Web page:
David CrossFollow




School of Education


Doctor of Education (EdD)


Richard J. Silvey


Bullying in School, Olweus Bullying Prevention Program, Positive Behavior Intervention and Supports, Peer Relations Questionnaire, Mann-Whitney U Test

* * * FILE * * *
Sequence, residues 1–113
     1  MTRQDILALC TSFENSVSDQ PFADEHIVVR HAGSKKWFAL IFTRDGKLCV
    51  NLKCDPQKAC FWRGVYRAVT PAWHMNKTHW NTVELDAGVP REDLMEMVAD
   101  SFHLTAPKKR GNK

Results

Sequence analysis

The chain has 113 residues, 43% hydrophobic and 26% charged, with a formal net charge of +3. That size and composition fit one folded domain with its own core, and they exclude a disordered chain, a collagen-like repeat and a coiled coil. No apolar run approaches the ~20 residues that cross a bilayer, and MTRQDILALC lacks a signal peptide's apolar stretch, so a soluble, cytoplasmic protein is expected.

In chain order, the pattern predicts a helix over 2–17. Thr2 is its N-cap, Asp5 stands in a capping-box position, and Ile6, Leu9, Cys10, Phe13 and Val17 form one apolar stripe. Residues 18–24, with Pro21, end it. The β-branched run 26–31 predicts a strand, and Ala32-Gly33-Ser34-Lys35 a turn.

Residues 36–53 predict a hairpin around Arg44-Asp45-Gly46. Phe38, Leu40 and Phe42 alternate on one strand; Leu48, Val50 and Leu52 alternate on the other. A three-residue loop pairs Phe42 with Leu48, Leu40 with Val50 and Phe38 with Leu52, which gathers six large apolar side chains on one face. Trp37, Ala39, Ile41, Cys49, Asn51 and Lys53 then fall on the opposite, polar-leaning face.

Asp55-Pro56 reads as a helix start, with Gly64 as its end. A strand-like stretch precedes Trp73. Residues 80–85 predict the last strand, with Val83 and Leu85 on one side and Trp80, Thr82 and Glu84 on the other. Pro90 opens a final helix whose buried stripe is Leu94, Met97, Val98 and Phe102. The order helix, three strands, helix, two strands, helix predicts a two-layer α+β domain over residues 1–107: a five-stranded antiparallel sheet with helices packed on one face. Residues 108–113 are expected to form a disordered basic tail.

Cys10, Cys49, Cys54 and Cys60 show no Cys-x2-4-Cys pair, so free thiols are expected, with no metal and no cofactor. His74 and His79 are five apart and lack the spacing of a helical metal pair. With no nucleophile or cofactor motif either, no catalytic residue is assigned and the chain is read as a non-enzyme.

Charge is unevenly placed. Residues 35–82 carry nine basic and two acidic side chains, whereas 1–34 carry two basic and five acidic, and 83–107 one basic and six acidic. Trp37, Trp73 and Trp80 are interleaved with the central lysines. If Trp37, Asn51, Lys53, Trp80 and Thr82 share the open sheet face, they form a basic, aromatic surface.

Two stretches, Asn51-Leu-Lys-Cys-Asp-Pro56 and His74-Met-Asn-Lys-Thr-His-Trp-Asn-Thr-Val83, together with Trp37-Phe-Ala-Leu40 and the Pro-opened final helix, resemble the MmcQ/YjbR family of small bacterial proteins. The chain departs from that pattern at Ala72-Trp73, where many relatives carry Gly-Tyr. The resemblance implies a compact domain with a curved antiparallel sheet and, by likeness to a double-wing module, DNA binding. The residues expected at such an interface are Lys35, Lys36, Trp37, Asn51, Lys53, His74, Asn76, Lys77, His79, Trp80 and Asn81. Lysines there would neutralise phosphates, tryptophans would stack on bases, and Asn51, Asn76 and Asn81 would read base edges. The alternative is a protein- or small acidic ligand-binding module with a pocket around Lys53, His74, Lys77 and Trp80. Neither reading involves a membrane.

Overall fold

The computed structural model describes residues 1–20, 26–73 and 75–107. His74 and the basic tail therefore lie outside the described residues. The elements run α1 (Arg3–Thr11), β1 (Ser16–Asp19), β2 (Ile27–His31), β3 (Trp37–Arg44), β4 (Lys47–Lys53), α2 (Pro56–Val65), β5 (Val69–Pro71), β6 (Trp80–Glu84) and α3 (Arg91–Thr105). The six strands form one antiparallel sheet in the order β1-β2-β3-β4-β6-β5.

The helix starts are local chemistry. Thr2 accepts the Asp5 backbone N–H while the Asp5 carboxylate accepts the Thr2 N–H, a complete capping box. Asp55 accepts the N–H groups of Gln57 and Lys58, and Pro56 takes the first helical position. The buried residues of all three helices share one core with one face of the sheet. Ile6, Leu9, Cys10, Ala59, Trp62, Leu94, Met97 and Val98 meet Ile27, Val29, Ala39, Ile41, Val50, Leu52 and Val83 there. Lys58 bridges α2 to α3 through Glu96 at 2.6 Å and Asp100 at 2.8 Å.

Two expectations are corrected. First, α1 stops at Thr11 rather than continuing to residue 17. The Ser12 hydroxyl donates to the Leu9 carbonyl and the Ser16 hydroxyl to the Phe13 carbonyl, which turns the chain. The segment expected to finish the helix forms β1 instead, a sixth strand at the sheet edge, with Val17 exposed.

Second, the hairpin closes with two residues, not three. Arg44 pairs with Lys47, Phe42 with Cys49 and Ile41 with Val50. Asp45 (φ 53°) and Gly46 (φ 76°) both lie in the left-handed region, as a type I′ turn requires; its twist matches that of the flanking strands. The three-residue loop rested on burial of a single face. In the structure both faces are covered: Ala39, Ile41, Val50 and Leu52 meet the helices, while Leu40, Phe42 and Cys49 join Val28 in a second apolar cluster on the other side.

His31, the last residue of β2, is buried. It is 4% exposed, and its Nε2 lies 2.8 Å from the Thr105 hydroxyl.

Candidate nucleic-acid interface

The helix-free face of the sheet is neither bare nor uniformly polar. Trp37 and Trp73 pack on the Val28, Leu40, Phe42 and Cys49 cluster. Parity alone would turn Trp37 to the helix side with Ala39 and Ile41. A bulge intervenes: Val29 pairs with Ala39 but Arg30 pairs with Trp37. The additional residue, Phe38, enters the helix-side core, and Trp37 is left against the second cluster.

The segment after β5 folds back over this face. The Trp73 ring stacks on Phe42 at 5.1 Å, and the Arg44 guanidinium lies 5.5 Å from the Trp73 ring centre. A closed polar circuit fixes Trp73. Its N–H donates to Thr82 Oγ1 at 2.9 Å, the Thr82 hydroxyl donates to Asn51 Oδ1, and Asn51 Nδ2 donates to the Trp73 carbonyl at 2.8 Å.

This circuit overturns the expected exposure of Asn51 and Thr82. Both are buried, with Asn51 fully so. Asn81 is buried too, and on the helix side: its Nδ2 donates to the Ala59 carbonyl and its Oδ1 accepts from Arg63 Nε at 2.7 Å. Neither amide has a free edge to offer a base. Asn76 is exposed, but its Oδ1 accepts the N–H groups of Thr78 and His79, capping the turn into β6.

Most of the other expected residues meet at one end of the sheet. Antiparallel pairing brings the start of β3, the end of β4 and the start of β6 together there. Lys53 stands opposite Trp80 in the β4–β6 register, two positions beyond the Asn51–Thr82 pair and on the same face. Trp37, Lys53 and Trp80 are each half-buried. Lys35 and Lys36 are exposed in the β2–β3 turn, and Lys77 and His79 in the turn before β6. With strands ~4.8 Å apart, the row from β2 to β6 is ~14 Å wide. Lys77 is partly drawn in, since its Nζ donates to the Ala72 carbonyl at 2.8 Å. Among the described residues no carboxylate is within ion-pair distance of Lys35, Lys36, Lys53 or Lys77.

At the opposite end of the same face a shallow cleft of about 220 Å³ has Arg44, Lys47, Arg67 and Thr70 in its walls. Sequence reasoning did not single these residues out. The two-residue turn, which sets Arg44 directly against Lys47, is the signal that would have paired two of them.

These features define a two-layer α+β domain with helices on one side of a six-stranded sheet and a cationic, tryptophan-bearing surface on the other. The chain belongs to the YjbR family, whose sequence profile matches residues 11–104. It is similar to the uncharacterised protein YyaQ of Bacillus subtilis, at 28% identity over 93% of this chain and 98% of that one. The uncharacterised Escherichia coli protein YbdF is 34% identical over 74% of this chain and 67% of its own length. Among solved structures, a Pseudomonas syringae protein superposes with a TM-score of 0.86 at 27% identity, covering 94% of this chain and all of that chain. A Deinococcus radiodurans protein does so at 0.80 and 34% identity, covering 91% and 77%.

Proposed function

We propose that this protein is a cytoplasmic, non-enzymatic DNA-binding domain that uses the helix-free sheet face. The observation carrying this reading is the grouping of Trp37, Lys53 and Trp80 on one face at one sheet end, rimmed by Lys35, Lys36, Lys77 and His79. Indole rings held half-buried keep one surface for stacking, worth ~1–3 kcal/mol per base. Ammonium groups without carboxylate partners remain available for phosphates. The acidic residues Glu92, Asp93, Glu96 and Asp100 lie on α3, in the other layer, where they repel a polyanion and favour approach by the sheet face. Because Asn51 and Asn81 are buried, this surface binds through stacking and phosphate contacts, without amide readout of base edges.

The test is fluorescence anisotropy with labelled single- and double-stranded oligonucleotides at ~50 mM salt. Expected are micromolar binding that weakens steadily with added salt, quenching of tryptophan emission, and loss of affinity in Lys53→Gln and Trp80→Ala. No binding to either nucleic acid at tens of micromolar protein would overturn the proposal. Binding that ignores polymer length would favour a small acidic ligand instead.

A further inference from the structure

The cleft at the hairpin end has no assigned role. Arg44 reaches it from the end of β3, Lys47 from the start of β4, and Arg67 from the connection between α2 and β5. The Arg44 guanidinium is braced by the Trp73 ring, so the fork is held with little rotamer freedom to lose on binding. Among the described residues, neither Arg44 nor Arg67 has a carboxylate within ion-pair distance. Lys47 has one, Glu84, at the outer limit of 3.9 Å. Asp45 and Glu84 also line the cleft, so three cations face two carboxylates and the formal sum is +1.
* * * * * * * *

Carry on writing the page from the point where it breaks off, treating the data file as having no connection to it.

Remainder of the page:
The harmful effects of bullying are a rising concern in schools, and officials are implementing bullying prevention programs to strengthen peer relationships and build social equity within school communities. The purpose of this causal-comparative study was to examine the effectiveness of the Olweus Bullying Prevention Program and Positive Behavior Intervention and Supports to see which program had a more significant impact on self-perception of building positive relationships among middle school students. With each program offering different bullying prevention strategies, it is important that educational leaders fully analyze the effectiveness of each program so the needs of the school can be met. Through examining the ideals of Adams’s equity theory and how people view social relationships, the following research question was developed: Is there a difference in the perceptions of building positive relationships between students who participated in Olweus and students who participated in PBIS training, as measured by the Peer Relations Questionnaire (PRQ)? Two hundred forty seventh-grade students from two rural middle schools in the central part of North Carolina participated in this study. One hundred twenty students from each school were selected to complete the PRQ for children based on the expectation that they had been exposed to their programs for one full year. Due to the lack of normality in student reporting, student responses were compared by the Mann-Whitney U test. Based on the results of this nonparametric test, there is no evidence that the distribution of scores was different between schools, neither for the whole population nor for females or males considered separately. The lack of normality discovered in the findings shows this study cannot be generalized across all middle school settings, which suggests more research in rural middle schools across various districts and states needs to be conducted.